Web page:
If you’re in charge of maintaining a sports field so that it’s in pristine condition year-round, you’ll know how difficult it can be to keep weeds at bay. Certain weeds in Australia can spread with gorilla-like tenacity, and once the cursed things have taken a hold of your turf, it’s very difficult to eradicate them. This is why using preventative measures is always best when it comes to avoiding widespread weed damage.
Here are some of the most common species of weed to wreak havoc on Australian sports fields, and the best ways to prevent them from ruining your carefully manicured turf.
Crabgrass (also known as Summergrass)
Crabgrass likes to strike early in Spring, before your lovingly tended Kikuyu has had the chance to recover from winter frosts. It’s an annual grassy weed that spreads seeds and can overtake your sports field swiftly if not treated. The best way to prevent crabgrass seed from emerging and dispersing is to spray the field with a pre-emergent herbicide such as pendimethalin, dithiopyr, and oxidiazon, in late August. Get in quick before crabgrass has the opportunity to weasel its way into your turf. Ensure that you check that the pre-emergent herbicide you are using will not react negatively with the type of turf on your field.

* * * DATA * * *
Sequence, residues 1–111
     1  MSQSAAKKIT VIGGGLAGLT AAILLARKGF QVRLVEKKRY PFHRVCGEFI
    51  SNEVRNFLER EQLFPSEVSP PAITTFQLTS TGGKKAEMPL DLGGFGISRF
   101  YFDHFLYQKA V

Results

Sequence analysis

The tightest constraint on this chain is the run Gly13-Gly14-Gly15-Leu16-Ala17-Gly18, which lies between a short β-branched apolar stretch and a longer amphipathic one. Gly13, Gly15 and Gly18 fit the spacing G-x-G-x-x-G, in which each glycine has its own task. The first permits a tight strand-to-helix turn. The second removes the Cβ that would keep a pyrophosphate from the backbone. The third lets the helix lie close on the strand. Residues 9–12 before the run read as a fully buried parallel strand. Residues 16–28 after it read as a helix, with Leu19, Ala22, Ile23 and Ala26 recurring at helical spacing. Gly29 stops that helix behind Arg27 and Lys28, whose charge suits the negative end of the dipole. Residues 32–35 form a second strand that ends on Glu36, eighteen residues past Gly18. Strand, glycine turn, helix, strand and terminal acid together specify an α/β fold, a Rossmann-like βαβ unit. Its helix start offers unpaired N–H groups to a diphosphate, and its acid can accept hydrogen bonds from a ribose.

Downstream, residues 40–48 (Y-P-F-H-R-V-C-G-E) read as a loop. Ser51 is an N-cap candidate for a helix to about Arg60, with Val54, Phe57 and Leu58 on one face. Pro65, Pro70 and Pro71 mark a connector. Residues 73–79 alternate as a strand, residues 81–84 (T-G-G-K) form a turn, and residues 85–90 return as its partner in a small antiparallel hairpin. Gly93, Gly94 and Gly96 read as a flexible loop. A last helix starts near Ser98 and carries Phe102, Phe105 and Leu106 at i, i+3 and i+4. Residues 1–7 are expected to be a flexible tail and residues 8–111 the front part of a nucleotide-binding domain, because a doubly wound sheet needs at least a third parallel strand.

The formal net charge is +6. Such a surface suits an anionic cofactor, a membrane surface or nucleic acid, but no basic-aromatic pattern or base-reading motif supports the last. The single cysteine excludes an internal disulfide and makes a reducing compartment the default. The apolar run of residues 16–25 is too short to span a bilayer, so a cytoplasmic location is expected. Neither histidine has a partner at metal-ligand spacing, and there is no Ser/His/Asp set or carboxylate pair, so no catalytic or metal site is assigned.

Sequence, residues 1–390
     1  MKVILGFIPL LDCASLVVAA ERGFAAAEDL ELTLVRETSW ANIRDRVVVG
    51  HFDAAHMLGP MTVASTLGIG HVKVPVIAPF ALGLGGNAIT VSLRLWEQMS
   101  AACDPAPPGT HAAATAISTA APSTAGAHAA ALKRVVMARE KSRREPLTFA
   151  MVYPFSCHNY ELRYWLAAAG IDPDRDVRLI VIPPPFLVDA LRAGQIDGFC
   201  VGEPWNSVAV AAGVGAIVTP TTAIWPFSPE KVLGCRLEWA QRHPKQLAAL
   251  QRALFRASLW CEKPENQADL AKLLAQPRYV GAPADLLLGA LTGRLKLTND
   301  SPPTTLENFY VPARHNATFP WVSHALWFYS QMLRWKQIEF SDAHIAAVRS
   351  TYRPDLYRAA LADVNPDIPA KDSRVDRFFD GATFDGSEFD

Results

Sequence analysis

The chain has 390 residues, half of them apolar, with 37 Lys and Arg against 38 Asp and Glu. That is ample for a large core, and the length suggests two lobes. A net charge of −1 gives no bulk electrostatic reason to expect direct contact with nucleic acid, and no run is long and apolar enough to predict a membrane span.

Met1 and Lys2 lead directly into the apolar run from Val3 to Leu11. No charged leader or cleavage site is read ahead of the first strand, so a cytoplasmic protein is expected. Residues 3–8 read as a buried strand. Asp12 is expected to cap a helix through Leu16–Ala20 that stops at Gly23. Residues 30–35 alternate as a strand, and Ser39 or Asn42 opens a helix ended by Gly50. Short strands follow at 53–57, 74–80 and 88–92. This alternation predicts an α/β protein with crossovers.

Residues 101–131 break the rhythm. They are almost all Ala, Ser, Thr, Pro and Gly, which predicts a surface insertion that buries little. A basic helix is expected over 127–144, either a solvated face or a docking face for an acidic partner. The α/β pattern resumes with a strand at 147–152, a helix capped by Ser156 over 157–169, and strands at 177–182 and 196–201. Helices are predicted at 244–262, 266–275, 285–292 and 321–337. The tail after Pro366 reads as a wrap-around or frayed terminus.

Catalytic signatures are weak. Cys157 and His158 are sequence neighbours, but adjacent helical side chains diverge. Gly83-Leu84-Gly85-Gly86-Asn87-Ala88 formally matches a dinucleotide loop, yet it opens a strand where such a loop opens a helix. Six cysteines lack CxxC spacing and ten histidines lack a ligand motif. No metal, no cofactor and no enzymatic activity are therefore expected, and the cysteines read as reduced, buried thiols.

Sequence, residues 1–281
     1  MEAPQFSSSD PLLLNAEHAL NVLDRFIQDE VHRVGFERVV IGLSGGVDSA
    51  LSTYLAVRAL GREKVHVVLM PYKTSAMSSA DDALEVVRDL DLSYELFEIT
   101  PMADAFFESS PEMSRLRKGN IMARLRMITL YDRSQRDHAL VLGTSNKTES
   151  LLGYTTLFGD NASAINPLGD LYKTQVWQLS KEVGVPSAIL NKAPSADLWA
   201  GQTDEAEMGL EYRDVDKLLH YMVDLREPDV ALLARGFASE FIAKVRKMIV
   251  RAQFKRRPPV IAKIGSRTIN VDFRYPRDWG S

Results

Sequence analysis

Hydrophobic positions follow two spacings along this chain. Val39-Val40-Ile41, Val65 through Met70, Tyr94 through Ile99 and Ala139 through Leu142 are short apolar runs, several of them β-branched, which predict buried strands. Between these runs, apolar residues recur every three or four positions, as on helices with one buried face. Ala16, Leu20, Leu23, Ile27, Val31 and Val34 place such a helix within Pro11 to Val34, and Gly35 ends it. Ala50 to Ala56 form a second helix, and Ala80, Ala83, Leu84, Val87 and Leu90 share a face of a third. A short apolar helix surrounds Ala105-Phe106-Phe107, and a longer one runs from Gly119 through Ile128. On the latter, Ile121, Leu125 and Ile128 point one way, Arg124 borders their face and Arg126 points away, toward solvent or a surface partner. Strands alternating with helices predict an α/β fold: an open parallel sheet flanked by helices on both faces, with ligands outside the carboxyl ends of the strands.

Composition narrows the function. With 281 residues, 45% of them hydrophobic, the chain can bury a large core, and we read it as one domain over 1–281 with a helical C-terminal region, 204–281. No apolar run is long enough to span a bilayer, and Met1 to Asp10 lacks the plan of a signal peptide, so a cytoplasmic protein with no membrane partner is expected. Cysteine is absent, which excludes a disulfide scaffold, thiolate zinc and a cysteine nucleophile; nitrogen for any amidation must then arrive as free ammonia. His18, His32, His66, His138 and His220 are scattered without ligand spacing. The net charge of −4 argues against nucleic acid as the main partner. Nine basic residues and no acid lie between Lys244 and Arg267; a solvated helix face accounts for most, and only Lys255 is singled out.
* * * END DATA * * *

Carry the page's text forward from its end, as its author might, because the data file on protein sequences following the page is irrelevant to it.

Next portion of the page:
Crowsfoot also thrives in Spring, especially after rain. It will clump over your field, resulting in an uneven playing surface. Crowsfoot loves moist, warm conditions and compact soil, so be sure to make aeration a priority! Chemical treatment to prevent crowsfoot is quite specific, so deterring it using natural methods is always a good idea. However, if you want to undergo chemical treatment, use pre-emergent herbicides such as pendimethalin, dithiopyr, and oxidiazon. Spraying should take place when the soil temperature at 10cm deep is above 15 degrees Celsius for more than 24 hours.
Bindii and white clover are the most common species of broadleaf weeds in Australia, and plague turf on a regular basis. In fact, it’s the bane of most groundskeepers existence. The good news is that it can be fairly painlessly treated, either before or after its appearance. Dithiopyr is an effective pre-emergent herbicide, or herbicide brands such as Spearhead or Millenium can be used to eradicate after spread has occurred. Spraying is best carried out early July.
Wiregrass is another stubborn weed that grows in clumps, resulting in unsafe playing fields. It thrives in Summer and is surprisingly resistant to soil compaction. Again, aeration is your best defence here to give your turf the chance to combat its aggressor. Alternatively, treatment can be carried out by wick wiping with Glyphosate.